Dogecoin Will Be a Dud Unless It Upgrades Its Functionality

Dogecoin (CCC:DOGE-USD), the ninth largest crypto token with a $35 billion market value is neck and neck with its rival cryptocurrency, Shiba Inu (CCC:SHIB-USD). Dogecoin crypto is clearly falling behind in several ways.

Dogecoin Cryptocurrency

Source: Orpheus FX /

Shiba Inu is now the tenth largest crypto, according to, and has a market value of $34 billion. Moreover, DOGE crypto may need to take on more “use functions.” That way it can be competitive with Shiba Inu.

This may account for the reason why Shiba Inu has started to overtake Dogecoin in terms of market cap. After all, so much of the value of a cryptocurrency relates to its perceived value, not just its actual transaction volume.

Where Dogecoin Stands Vs. Shiba Inu

For example, up until now, Dogecoin has been seen as having just one main use — as a means by which its holders can buy and sell goods and services.

By contrast, Shiba crypto now has several use functions. According to Planet Crypto it now has five additional use functions other than just as a cryptocurrency:

“The Shiba ecosystem now incorporates ShibaSwap, Shiboshi NFTs, and SHIB burning. In the future, the development team hopes to release a new Layer-2 protocol to reduce transaction fees, alongside an NFT game, codenamed the Oshiverse.”

By contrast, Dogecoin has been backed by several large investors, including Elon Musk, as I have written about in several articles. But their main goal so far was to facilitate the use of Dogecoin as a means of payment.

As Planet Crypto points out, even Tesla (NASDAQ:TSLA) might someday accept payment in Dogecoin, according to Elon Musk.

The Unit Bias Effect

There could also be a subtle advantage that Shiba Inu has over Dogecoin based on its “unit bias” effect. For example, $100 can buy over 1 million SHIB crypto tokens (i.e., $100/$0.00006796 = 1,471,454 SHIB tokens).

But $100 can only bring in 361 DOGE crypto tokens (i.e., $100/0.2769 = 361.14 DOGE).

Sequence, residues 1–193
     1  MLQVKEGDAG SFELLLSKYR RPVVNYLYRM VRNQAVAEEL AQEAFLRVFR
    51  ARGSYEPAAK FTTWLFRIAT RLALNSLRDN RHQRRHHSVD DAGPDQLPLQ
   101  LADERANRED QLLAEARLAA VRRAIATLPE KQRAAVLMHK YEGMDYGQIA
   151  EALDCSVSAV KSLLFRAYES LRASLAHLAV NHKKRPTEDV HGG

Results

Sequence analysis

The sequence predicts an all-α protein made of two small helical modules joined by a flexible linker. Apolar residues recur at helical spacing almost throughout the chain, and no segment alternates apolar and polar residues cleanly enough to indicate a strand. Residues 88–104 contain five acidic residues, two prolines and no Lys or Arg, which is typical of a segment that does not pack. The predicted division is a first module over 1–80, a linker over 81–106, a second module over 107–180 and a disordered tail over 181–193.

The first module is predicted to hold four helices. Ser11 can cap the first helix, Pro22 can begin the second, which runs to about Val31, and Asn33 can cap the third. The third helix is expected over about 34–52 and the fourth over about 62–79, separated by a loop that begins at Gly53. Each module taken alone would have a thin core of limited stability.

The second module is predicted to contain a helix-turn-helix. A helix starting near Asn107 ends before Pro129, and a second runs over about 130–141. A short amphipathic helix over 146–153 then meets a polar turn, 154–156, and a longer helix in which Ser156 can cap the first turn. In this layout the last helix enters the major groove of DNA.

This can lead to a sort of false wealth effect for SHIB crypto holders who think by owning 1.47 million tokens of anything can make them richer. That is, they can get richer faster, theoretically if the price moves up to one dollar or even one cent.

Of course, this does not affect institutional investors that much, but it certainly plays into the mind of smaller retail investors. Coindesk says this affects novice investors who can end up having a feeling that they are richer than they otherwise really are.

So, in a sense, Dogecoin also has its hands tied here in its rivalry against Shiba Inu.

But Dogecoin Is Still More Popular

However, Dogecoin is still more popular, in a general name recognition sense, with both the public and the commercial marketplace.

For example, Burger King has just started a reward promotion, partnering with Robinhood (NASDAQ:HOOD) online brokerage firm to give away free cryptocurrency. The crypto will be paid out primarily in Dogecoin, according to CoinTelegraph online magazine, to those who spend $5 or more from Nov. 1 through Nov. 21.

But Dogecoin is not in smart contracts, NFTs (non-fungible tokens), Dapps (decentralized apps) and DeFi (decentralized finance). That is what will sustain its market value over the long term as a decentralized digital app.

In fact, even Bitcoin (CCC:BTC-USD) is going to upgrade its protocols. It will facilitate smart contracts, NFTs and DeFi contracts. I wrote about this recently, with its upcoming Taproot upgrade.

What To Do With DOGE Crypto

I think investors should consider moving out of Dogecoin crypto until the backers decide to “modernize” its use functions. Its disadvantages vs. Shiba Inu also do not help its upward potential.

Until Dogecoin takes on more utility its popularity and market value are likely to wane over the next year, especially since the crypto world is so competitive.

On the date of publication, Mark R. Hake did not hold any position (either directly or indirectly) in the securities mentioned in this article. The opinions expressed in this article are those of the writer, subject to the Publishing Guidelines.

Mark Hake writes about personal finance on and runs the Total Yield Value Guide which you can review here.

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